Last weekend, for the second time in two years, Brad and I took a one-way flight to another continent. This time to a continent where we don’t have health insurance coverage, with cancer, in the midst of the global coronavirus outbreak, with no income. Curiously, I’ve never felt more grounded and certain that everything is going to be okay. Nay, continue being awesome.
Things have been awesome for a while. Right before leaving, I was vindicated when the lesion my oncologist was convinced was a fifth brain tumor that should be treated with more radiation, turned out to be, in fact, radiation necrosis from previous treatment. MR Spectroscopy and perfusion tests proved there is no cancer in my brain.
Last week’s PET-CT continued the trend by confirming No Active Disease in my body. The primary lung tumor in my left lower lobe is still there, stable and inactive, reminding me to keep prioritizing my health and to continue this healing journey.
All my tumor markers are in the normal range and I feel pretty darn good. Side effects from medication, of course, but I’m increasingly used to them – peripheral and periorbital edema with remarkably impaired cognition, memory and attention from the lorlatinib; muscle aches and arthritis from the statins; and hilarious bloating and alternating constipation and diarrhea from who knows which drug. None of these are urgent or anything to complain about. In fact, I’m happy to report that I haven’t pooped myself once in 2020.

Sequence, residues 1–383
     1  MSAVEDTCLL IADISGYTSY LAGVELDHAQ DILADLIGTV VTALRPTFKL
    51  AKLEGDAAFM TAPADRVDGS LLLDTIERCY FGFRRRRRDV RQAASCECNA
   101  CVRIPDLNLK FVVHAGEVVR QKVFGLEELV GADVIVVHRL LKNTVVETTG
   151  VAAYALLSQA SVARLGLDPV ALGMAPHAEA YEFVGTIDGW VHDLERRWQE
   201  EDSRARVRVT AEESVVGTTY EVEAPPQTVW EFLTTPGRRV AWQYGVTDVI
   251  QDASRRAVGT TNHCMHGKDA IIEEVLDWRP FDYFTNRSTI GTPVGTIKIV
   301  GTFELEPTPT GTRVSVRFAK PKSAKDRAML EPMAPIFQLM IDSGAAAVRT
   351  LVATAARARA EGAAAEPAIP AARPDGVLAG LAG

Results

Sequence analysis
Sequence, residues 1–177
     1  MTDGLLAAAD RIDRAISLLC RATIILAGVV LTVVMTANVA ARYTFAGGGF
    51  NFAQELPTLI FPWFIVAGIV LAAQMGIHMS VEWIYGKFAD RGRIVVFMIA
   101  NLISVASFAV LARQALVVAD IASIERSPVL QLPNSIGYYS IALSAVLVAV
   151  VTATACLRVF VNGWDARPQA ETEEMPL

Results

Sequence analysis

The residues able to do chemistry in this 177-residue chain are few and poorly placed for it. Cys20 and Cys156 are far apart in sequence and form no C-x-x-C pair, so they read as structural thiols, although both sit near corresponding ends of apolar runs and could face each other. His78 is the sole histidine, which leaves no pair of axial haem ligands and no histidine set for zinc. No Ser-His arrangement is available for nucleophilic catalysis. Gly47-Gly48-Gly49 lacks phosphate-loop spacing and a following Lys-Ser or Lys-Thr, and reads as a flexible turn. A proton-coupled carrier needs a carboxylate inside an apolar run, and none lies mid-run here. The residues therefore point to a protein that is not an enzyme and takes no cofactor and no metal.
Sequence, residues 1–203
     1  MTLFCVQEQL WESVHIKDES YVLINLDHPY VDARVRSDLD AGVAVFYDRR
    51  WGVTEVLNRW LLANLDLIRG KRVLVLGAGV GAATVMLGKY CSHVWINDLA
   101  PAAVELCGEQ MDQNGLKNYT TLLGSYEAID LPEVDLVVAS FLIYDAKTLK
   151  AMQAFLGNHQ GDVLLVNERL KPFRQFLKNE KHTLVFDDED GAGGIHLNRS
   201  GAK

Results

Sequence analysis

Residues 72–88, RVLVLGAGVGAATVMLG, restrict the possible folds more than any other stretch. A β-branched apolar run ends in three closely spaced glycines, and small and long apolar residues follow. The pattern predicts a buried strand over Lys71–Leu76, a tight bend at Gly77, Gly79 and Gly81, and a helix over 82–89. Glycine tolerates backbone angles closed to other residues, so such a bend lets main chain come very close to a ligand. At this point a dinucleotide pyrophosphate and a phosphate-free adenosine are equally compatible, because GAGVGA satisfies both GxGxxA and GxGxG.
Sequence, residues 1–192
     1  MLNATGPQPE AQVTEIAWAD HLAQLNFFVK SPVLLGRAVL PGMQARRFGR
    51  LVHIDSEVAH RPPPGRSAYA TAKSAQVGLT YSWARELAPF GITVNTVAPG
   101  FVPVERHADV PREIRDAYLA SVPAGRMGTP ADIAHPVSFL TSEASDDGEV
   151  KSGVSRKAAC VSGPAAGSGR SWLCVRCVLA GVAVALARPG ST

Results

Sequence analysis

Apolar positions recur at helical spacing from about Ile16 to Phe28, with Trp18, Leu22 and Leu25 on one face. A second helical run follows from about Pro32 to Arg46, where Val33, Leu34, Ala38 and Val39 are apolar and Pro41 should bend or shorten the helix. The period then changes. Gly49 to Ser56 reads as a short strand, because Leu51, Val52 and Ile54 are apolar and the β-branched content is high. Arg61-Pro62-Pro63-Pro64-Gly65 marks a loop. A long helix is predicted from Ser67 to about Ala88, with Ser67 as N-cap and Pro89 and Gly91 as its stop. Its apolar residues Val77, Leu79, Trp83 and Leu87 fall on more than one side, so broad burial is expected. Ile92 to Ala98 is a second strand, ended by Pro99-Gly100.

The brain radiation necrosis, on the other hand, is a little more urgent. My headaches and coordination issues have been increasing. Official guidance for this kind of injury is brain surgery to remove the necrotic tissue but I”m nowhere near there. Instead I’m hoping to stop or reverse the spread using Hyperbaric Oxygen Therapy.
Or I was, anyway, until the world went on lockdown and all the HBOT clinics in London had to close. Fortunately, all the tobacconists are allowed to remain open in an ironic interpretation of “essential services” during a public health crisis.
Bitterness aside, we’re evaluating options. Now that the stress of the move is receding and our days revolve around yoga, writing, and an idyllic, government-sanctioned daily stroll through Regents Park, my symptoms are receding somewhat and I’m comfortable waiting another two weeks to see if HBOT clinics can reopen. If they haven’t by late April, we’re looking into renting a chamber (so far nothing with enough pressure to be effective) or buying one (the costs, OMG – shipping alone!).
More than anything I’m just happy to be cancer free, in touch with my body and energy, surrounded by love — overflowing with it, really. There are no words to express how grateful I am to all of you for your support through this. I’m inspired by you and dedicated to giving back what I can to help others find the same happiness.